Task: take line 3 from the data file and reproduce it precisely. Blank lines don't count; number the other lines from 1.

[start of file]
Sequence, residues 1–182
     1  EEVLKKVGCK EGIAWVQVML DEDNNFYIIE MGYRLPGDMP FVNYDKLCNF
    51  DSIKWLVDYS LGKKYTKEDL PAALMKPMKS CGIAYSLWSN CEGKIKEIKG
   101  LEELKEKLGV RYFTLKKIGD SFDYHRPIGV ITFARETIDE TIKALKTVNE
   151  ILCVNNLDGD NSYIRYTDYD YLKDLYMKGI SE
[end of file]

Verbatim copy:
    51  DSIKWLVDYS LGKKYTKEDL PAALMKPMKS CGIAYSLWSN CEGKIKEIKG